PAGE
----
“In many ways, Olmo has become a testing ground for a lot of Snackpass stuff,” he added. A Snackpass electronic kiosk occasionally sits outside on the sidewalk for ordering. 50 users have signed up for a Snackpass subscription at Olmo, the first restaurant where the company is testing the model, paying $5 a month for exclusive discounts, merchandise, double points and the chance to have a menu item named after them.
Even for a restaurant that has often adjusted its flagship offering and business model, Olmo’s most recent identity seems more likely to stick. In December, Baronowski said Olmo spent $30,000 on a bagel shaper, another investment into a model that has proven more consistent than what they were accustomed to in the food industry. “[No pandemic anymore] sounds really lovely,” Hutchinson said. “[But] sounds to me like a lot of unknown variables again.”
The restaurant’s leadership are thinking big about the future of the bagel in New Haven and beyond. Sobocinski, who said growth is his goal with Olmo, hopes to explore opening satellite branches in different parts of Connecticut and selling Olmo bagels wholesale. “With the right team running everything, I don’t see why we couldn’t open an Olmo in Dubai,” he joked. Hutchinson, who mentioned he has looked into opening a Snackpass-only second location in New Haven, also wonders whether Olmo at 93 Whitney could evolve into a destination over the decades: “How cool would it be to be the next Sally’s? How cool would it be to be the next Pepe’s? … We’re onto something here, let’s see how far we can go.”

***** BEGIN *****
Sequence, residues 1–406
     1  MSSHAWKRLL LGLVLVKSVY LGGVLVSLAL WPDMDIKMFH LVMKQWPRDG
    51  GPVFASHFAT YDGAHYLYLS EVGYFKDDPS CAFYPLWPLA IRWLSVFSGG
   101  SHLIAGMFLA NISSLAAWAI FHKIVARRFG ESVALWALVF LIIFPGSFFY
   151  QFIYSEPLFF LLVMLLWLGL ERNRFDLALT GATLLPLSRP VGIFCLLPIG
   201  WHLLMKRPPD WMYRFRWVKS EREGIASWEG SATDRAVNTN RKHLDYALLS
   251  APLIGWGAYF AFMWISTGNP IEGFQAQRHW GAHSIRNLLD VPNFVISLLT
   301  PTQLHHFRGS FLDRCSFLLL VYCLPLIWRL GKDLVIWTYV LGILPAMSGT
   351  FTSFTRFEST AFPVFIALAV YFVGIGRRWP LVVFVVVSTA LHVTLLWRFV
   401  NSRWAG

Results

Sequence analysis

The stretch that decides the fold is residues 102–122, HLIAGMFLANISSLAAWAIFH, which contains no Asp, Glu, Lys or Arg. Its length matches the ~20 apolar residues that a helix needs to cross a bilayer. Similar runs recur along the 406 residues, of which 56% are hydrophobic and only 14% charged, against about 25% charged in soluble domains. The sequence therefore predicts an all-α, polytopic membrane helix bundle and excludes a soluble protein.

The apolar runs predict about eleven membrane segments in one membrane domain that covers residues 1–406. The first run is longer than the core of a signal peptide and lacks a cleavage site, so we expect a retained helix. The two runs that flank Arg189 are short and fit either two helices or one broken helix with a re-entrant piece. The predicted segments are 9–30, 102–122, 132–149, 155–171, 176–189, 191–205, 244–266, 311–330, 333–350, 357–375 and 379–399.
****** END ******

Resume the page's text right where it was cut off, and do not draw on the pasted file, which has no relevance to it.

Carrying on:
Last March, it was only Hutchinson and Alexiades, whom he calls Z, making bagels to keep Olmo breathing. Now, there are some weekend mornings on the cooking line, when the Snackpass tablet is unleashing a symphony of alerts and a small crowd has grown on the sidewalk outside, that Hutchinson looks to her to share in the stressful glee of Olmo’s recent success.
“It’s so cool,” he said. “We’re so busy that we’ve had people crying on our line, we have people having mental breakdowns, and we’re reeling it all in, [saying] ‘It’s okay guys, it’s gonna be fine, it’s gonna be fine.’ Z and I turn to each other, and we’re like, ‘Yo, how cool is this? We’re the busiest restaurant in New Haven.’”